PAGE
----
Published on Real-World Economics Review Blog, by Edward Fullbrook, November 19, 2009.
Over the past six months we hare repeatedly reminded ourselves, as well as non-economists, that although recessions/depressions are usually V-shaped, sometimes they are W-shaped (double-dipped). Time has now come for high-profile economists to give us their predictions as to the shape of the one we are living through.
Yesterday Robert Reich did just that. In a short piece well-worth reading, The Great Disconnect Between Stocks and Jobs, he predicts a W. He writes:
“The result, overall, is an asset-based recovery, not a Main Street recovery. Yes, the economy is growing again, but the surge in productivity is a mirage. Worker output per hour is skyrocketing because companies are generating almost as much output with fewer workers and fewer hours. The Fed, meanwhile, has become an enabler to all this, making it as cheap as possible for companies to axe their employees.
Money costs so little these days it’s easy to substitute capital for labor. It’s also easy to buy up foreign assets with cheap American money. And it’s now blissfully easy for Wall Street to borrow money almost free and buy all sorts of interests in foreign assets, especially commodities. That’s why we’re seeing the prices of foreign commodities and other assets go through the roof. …”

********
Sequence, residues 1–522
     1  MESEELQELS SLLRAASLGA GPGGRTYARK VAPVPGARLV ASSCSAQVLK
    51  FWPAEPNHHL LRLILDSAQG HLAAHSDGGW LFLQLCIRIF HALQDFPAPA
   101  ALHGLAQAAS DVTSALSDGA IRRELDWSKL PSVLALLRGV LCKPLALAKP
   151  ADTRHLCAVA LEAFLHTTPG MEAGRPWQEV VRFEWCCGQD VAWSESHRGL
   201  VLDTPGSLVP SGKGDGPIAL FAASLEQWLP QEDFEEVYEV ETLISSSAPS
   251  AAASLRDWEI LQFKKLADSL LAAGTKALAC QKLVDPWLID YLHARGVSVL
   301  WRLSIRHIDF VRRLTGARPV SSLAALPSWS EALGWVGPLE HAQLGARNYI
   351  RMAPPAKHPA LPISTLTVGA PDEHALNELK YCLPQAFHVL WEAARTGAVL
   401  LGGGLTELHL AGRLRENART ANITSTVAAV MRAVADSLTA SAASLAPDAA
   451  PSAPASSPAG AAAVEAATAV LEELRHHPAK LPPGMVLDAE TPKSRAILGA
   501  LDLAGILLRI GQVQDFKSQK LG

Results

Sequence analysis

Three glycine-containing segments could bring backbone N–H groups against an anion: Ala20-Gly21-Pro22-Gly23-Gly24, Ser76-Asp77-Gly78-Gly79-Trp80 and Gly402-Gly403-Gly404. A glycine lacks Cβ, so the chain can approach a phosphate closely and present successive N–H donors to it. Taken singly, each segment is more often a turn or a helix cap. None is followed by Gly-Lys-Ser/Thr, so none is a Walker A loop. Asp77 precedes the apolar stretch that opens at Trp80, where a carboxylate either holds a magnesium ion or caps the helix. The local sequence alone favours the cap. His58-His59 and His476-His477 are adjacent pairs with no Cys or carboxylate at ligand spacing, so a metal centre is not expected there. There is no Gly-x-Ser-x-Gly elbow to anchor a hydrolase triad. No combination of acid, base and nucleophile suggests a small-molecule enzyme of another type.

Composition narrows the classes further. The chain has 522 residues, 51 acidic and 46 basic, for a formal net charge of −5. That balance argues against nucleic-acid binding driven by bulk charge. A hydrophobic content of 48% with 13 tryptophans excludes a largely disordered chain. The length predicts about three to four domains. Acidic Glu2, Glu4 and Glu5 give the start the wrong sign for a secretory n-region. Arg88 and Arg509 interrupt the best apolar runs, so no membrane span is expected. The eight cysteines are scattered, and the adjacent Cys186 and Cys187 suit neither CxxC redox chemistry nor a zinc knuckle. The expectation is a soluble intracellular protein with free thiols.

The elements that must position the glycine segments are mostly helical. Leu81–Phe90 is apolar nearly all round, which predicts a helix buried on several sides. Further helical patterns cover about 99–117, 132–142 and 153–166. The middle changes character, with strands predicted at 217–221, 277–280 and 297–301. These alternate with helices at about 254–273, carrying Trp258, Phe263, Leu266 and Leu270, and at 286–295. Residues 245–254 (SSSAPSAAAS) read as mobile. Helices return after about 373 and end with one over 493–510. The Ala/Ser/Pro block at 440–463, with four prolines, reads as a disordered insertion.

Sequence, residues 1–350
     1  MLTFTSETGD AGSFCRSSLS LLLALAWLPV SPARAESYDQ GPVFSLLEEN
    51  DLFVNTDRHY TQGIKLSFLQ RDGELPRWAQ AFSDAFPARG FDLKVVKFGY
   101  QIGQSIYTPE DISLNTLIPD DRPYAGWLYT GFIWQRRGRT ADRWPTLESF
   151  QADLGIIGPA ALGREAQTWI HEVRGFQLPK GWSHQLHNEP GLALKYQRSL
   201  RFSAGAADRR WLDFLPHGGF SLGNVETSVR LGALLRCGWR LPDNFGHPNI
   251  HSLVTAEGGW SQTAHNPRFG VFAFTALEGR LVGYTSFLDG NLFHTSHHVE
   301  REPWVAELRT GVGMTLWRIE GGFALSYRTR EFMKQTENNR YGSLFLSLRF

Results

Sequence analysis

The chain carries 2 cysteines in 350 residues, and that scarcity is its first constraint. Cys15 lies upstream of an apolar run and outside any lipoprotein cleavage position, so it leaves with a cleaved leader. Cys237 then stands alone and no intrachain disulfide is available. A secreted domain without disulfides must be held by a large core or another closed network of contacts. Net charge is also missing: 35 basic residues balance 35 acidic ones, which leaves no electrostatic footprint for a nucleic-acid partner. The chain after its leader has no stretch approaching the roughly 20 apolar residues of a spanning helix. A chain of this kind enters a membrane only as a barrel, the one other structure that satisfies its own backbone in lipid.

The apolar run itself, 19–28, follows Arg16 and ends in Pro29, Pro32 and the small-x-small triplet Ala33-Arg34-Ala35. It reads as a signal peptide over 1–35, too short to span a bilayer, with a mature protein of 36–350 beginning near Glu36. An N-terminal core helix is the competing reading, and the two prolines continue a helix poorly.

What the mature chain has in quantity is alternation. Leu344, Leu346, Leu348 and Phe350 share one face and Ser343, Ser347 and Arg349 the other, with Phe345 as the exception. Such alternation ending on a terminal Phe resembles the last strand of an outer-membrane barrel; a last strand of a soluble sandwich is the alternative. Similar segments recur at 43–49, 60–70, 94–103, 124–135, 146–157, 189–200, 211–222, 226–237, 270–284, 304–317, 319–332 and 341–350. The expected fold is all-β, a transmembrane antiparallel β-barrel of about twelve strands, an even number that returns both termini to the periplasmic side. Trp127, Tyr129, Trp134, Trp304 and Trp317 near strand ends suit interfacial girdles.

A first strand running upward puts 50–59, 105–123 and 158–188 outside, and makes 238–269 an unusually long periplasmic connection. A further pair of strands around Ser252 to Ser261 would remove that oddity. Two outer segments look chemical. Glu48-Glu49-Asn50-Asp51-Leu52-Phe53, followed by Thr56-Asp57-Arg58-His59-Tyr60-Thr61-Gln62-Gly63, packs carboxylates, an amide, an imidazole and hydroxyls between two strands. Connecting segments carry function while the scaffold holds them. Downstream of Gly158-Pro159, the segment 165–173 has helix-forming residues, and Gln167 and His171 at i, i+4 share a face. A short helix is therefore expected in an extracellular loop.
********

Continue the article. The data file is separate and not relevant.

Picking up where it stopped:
“No economy can recover without consumers. Yet American consumers, who constitute 70 percent of the U.S. economy, are facing mounting job losses as well as pay cuts. They’re in no mood to buy and won’t be for some time. Where is this heading? No place good. Without a major shift in policy — both at the Fed and in the White House — the economics point to a big stock-market correction and a double dip.”
… (full text).